After months of blacklisting .. Huawei launches superior technology for the fifth generation
BEIJING (Reuters) – China’s Huawei on Wednesday launched a new generation of mobile phone antennas for its 5G network and expects an acceleration in network upgrades led by the three operators in its huge Chinese market.
Huawei has taken a leading role in the development of the so-called Massive MIMO – or multi-input and output antennas – that feature an array of transceivers for the operation of 5G mobile services.
This can achieve faster data transfer speeds by tracking users of nearby smartphones directly, unlike previous “passive” antennas that communicate in a more general – and less efficient – way with their environment.
Unveiled in Zurich, Huawei’s third-generation Massif Memo antennas are doubling the bandwidth to 400 MHz and increasing power to 320 watts, allowing for expanded coverage in the mid-band frequencies allocated by many countries to 5G services.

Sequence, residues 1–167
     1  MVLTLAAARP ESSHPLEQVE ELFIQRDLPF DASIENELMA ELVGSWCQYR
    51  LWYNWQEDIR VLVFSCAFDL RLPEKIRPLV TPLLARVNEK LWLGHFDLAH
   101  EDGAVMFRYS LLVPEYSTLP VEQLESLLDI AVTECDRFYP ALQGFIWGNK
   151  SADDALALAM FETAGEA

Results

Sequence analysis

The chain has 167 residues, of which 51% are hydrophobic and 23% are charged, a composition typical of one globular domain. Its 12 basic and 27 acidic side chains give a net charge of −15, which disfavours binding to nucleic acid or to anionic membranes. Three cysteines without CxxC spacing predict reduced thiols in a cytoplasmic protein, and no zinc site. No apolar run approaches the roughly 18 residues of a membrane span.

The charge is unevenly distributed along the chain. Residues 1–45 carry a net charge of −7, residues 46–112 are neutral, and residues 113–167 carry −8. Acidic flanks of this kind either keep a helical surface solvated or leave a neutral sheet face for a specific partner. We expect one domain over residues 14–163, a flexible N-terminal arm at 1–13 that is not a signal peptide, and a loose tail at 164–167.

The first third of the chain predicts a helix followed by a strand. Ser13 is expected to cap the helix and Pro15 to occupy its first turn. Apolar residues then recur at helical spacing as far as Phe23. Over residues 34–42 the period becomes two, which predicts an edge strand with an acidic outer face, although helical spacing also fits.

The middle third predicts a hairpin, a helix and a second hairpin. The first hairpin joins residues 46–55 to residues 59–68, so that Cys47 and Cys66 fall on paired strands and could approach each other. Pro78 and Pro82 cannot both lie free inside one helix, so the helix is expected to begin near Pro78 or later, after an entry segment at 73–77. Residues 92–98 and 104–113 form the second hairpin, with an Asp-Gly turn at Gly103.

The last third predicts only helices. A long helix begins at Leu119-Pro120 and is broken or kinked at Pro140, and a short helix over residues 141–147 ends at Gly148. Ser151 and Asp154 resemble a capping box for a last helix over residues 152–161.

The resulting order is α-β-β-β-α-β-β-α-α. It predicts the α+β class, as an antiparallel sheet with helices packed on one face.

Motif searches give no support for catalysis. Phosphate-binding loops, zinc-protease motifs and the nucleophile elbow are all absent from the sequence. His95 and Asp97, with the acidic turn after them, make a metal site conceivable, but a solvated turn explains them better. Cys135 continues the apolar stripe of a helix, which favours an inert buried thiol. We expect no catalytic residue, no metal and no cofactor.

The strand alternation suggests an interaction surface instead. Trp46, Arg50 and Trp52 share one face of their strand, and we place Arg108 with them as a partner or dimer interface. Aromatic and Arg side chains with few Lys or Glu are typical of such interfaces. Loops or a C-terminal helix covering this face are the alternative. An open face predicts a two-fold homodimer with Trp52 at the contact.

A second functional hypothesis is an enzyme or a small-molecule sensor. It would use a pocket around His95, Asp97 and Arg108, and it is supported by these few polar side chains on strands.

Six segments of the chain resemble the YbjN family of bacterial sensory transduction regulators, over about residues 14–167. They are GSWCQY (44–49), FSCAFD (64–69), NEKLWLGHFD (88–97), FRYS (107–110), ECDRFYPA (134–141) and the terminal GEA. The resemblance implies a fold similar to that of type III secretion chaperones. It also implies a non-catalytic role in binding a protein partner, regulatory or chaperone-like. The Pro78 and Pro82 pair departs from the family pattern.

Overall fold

“The antennas will be lighter than their predecessors and consume less power,” Edward Ding, Huawei wireless business manager, said in a presentation.
This will remove barriers to global deployment in all scenarios, and become a new standard for large-scale 5G deployment, according to Deng. The antennas package uses 7nm chips that are the leading semiconductor technology.
Huawei combines the new generation antennas at its Blade AAU base station, a space-saving package that includes a passive antenna. Allowing operators to save space and operate all their networks from one location.
The Chinese company, a leading provider of 5G networks with a global market share of 28%, says its Massive Mamo technology is more advanced than that offered by rivals led by Ericsson and Nokia.
Four hundred thousand base stations have been shipped this year as operators start bidding for 5G networks around the world. It is estimated that 56 carriers have deployed new networks, of which 40 are now operational.
The telecom industry hopes that 5G networks will launch innovative applications, with Huawei signaling its interest in self-driving cars through cooperation with China Mobile to operate self-driving trucks.
The company, the world’s second-largest smartphone maker, earlier reported a 27% rise in third-quarter revenue, driven by a sharp increase in US shipments launched before it was blacklisted.